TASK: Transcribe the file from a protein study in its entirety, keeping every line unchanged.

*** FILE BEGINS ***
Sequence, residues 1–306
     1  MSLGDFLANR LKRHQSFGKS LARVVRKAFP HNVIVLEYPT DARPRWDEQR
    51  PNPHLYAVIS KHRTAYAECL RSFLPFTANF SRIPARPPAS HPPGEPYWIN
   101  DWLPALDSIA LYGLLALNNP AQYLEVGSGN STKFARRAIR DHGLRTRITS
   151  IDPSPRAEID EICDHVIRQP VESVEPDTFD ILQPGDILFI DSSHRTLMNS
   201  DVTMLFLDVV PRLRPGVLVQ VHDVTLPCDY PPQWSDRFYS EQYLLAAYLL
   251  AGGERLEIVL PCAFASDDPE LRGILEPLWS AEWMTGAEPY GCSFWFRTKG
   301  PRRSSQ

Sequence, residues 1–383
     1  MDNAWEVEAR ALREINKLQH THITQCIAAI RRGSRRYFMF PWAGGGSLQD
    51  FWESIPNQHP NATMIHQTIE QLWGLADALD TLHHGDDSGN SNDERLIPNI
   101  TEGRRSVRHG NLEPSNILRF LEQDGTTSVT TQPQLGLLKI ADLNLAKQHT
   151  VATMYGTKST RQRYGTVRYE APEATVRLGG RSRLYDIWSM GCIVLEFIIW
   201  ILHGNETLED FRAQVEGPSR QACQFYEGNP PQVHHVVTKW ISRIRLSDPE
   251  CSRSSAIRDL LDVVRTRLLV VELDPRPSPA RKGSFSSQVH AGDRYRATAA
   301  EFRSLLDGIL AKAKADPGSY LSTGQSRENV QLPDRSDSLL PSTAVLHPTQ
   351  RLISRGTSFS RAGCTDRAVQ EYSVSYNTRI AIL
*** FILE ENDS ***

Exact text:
Sequence, residues 1–306
     1  MSLGDFLANR LKRHQSFGKS LARVVRKAFP HNVIVLEYPT DARPRWDEQR
    51  PNPHLYAVIS KHRTAYAECL RSFLPFTANF SRIPARPPAS HPPGEPYWIN
   101  DWLPALDSIA LYGLLALNNP AQYLEVGSGN STKFARRAIR DHGLRTRITS
   151  IDPSPRAEID EICDHVIRQP VESVEPDTFD ILQPGDILFI DSSHRTLMNS
   201  DVTMLFLDVV PRLRPGVLVQ VHDVTLPCDY PPQWSDRFYS EQYLLAAYLL
   251  AGGERLEIVL PCAFASDDPE LRGILEPLWS AEWMTGAEPY GCSFWFRTKG
   301  PRRSSQ

Sequence, residues 1–383
     1  MDNAWEVEAR ALREINKLQH THITQCIAAI RRGSRRYFMF PWAGGGSLQD
    51  FWESIPNQHP NATMIHQTIE QLWGLADALD TLHHGDDSGN SNDERLIPNI
   101  TEGRRSVRHG NLEPSNILRF LEQDGTTSVT TQPQLGLLKI ADLNLAKQHT
   151  VATMYGTKST RQRYGTVRYE APEATVRLGG RSRLYDIWSM GCIVLEFIIW
   201  ILHGNETLED FRAQVEGPSR QACQFYEGNP PQVHHVVTKW ISRIRLSDPE
   251  CSRSSAIRDL LDVVRTRLLV VELDPRPSPA RKGSFSSQVH AGDRYRATAA
   301  EFRSLLDGIL AKAKADPGSY LSTGQSRENV QLPDRSDSLL PSTAVLHPTQ
   351  RLISRGTSFS RAGCTDRAVQ EYSVSYNTRI AIL